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Understanding the context of use – where and why a consumer is engaging in a particular activity– is the holy grail of audience measurement. Data points such as demographic segments (age, gender, profession, household income), temporal aspects (time of day, season, events), geolocation, and other behavioral data give us better insights into the specifics of the context of usage of a particular digital product or service.

At Verto, we are constantly trying to improve on this capability for our clients, focusing specifically on the context of use of digital services. Digital consumers today engage with multiple apps and websites during a single session on their digital devices – smartphones, tablets, or PCs. Switching or multitasking between different devices, apps, and websites adds a significant dimension to the overall context of use. Context can therefore depend upon:

  • Which apps/sites are used together in the same context?
  • Which apps/sites are used before/after a target app/site?

When a user engages with a device, they typically multitask between various apps and websites. But when they take a break from using the device and come back later, their engagement behavior with the device can be viewed as a “soft reset.” Within these repeated engagements with a device, we can search for groups of device sessions that have similar characteristics. These groups of similarly characterized engagement sessions are the different “contexts of use” of digital services. Thus, to construct the framework for analyzing this aspect of context, we need to define what constitutes a device session.

A device session is a series of app sessions carried out on a single device with no longer than a specified time threshold between the end of one app session and start of the next.

The idea is to define the threshold so that a device session would effectively allow us to identify and measure a sequence of user activities that occur in a continuous fashion, without the user leaving or closing the device.

The following two charts provide snapshots of app sessions on mobile (smartphone) and PC over a single day (a 24-hour period) for 15 randomly-selected unique devices of each device type, taken from our consumer panel data. The charts show different rows for different devices and the different colors in each row represent the different app sessions for the device. We can measure and analyze web sessions from their corresponding browser app sessions.


Unsurprisingly, we see that the app session durations on PC tend to be longer than those on mobile. We can also see that there are “bursts” of device use followed by gaps of inactivity during which the device is not used. These bursts of temporally close app sessions are what we consider to be device sessions. Meanwhile, the gaps of inactivity are of interest to us because we want to define a minimum gap length that is likely to result in a different context from the next set of device activity. We aim to identify a timeout that groups app sessions together but does not inappropriately cover long periods of device inactivity.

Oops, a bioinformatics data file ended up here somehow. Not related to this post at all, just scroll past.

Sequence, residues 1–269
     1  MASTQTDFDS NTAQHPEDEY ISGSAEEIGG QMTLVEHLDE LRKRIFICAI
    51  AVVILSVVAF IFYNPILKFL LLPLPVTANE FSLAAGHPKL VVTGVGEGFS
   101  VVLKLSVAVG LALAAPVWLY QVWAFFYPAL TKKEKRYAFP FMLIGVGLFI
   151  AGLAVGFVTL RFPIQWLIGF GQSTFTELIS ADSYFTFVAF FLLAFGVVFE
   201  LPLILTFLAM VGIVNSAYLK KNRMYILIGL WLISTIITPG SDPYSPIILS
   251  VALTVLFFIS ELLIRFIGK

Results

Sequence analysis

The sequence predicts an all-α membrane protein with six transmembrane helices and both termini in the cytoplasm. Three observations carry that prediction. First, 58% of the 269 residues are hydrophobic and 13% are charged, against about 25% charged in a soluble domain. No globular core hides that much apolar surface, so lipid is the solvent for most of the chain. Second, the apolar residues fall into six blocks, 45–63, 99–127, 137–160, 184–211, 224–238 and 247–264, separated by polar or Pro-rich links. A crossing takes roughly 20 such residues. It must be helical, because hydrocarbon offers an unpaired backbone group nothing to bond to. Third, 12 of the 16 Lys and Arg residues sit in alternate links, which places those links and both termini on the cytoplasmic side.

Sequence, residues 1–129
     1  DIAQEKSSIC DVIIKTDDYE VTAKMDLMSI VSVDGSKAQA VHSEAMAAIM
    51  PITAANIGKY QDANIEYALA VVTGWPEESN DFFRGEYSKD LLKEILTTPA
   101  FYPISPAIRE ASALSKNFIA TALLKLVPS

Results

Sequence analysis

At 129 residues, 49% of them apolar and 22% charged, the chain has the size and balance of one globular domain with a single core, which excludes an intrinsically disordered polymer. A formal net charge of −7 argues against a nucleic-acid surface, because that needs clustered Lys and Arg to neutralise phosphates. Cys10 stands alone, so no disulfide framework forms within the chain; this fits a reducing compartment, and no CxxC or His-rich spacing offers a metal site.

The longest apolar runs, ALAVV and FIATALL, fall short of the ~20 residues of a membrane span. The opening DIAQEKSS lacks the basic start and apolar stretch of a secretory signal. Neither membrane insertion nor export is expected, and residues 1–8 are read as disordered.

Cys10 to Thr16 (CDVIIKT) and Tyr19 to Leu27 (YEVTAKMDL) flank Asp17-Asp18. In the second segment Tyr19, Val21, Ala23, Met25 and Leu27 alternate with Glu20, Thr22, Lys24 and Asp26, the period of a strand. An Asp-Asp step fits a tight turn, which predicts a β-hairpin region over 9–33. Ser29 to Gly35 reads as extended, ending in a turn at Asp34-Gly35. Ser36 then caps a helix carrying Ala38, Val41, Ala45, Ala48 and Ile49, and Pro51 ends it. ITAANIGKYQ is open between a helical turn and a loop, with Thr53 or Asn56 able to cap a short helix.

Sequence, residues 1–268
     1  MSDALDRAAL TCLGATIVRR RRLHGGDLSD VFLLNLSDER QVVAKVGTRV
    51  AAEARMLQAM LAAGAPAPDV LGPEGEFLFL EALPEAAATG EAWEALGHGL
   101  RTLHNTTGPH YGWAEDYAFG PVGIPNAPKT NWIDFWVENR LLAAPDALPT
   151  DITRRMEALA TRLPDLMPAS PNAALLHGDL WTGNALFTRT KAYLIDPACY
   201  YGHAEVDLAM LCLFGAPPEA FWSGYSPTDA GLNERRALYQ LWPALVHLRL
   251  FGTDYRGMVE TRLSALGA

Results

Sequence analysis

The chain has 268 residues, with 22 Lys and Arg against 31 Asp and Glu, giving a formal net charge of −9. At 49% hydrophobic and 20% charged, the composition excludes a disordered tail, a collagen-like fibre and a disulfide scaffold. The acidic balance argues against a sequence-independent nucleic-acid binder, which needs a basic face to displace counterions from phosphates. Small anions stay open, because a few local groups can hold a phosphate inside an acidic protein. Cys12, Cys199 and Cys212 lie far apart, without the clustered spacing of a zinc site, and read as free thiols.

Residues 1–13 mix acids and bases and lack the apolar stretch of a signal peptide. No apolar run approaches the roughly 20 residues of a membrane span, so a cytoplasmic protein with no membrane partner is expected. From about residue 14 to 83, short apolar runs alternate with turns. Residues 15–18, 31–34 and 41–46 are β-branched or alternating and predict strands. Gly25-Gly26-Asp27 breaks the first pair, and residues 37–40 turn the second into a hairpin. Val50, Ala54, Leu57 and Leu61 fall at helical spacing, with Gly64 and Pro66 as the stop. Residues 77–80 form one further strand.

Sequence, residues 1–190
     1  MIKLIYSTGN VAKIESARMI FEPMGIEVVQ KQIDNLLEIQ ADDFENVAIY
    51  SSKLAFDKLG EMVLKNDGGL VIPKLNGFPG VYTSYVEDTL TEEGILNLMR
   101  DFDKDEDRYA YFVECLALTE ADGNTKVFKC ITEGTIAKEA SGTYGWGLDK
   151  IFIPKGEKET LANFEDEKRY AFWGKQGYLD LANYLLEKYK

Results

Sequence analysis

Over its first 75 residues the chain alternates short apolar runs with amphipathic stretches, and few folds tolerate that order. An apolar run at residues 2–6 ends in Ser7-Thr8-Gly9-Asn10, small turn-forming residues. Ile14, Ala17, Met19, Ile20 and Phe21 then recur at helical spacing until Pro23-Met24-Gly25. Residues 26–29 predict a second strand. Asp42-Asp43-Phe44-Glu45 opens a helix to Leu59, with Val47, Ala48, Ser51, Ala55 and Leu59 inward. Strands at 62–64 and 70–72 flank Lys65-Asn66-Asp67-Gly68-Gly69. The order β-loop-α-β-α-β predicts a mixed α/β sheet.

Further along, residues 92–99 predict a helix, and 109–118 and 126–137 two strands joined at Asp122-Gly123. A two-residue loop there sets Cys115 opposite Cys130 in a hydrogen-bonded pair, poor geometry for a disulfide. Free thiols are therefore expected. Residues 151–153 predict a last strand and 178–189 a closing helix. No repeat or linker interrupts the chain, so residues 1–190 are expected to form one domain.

To select the best timeout threshold, we conducted measurements with various timeout values, namely 30 seconds, 60 seconds, 120 seconds (2 minutes), 300 seconds (5 minutes), and 600 seconds (10 minutes).

The chart below visualizes the decrease in the number of device sessions as a function of the timeout length on PC and on mobile. Based on the chart below, the number of device sessions as a function of time out decreases rapidly with 30, 60, and 120 second cutoffs, and starts to level off after 300 seconds.


Similarly, the chart below provides a visual representation of how the gaps between the different sessions are distributed. We can see the cumulative distribution function (CDF) of all the gaps between app sessions for mobile devices and PC, which shows us that approximately 70% of the gaps between different sessions are less than 300 seconds (five minutes) long.


These data points indicate that if we use a 5 minute timeout, we can largely address the shorter gaps that occur in between app sessions. A 5 minute time out value also gives us an average of over 4 app sessions per device session on PC and mobile (1.7 unique apps per device session on PC and 2.5 unique apps per session on mobile), which we believe offers a sufficient richness of data to provide our customers with insights into multitasking and co-occurrence of digital service use. We also observed that the typical consumer engages with an average of 180 device sessions per month on PC and an average of 500 device sessions per month on mobile. As previously noted, PCs encourage longer average session durations: the average device session duration on PC was 53 minutes, while the average device session duration on mobile was just 10 minutes.

Using this framework, now we can dive deeper into questions around the context of use of app and websites, such as:

  • What is the number / share of device sessions where a certain app/site is used?
  • What is the share (of time, sessions, or other measures) of a certain app/site out of the related device sessions?

Stay tuned for upcoming blogs in this series. Want to learn more about our data and methodology? Subscribe to our newsletter for the latest updates or follow us on Twitter and LinkedIn.

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